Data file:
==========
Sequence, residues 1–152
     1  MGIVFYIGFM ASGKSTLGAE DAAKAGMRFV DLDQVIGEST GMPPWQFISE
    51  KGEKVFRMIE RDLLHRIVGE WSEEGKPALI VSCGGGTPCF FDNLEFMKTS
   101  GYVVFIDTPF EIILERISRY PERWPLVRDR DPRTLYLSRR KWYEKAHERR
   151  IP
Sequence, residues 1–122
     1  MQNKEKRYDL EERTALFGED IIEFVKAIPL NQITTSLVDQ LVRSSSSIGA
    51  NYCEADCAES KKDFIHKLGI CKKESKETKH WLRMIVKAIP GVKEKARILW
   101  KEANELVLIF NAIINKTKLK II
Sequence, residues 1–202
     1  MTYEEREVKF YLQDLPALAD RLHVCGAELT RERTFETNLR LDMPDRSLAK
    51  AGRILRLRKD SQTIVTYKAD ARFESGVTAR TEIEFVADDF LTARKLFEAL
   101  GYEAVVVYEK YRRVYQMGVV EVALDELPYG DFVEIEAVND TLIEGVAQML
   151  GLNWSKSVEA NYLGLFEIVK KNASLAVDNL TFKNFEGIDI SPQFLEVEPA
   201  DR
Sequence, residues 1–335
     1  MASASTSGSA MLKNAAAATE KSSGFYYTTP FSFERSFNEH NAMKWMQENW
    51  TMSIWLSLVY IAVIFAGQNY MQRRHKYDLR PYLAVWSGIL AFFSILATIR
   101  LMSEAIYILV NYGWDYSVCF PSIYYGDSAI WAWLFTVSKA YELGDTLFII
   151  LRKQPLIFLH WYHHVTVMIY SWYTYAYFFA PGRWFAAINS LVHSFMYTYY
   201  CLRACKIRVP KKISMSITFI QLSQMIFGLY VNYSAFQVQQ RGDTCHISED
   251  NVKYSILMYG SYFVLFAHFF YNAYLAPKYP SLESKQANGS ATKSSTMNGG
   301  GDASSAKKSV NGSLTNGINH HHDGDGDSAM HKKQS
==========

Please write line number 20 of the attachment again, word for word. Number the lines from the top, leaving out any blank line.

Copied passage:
   151  LRKQPLIFLH WYHHVTVMIY SWYTYAYFFA PGRWFAAINS LVHSFMYTYY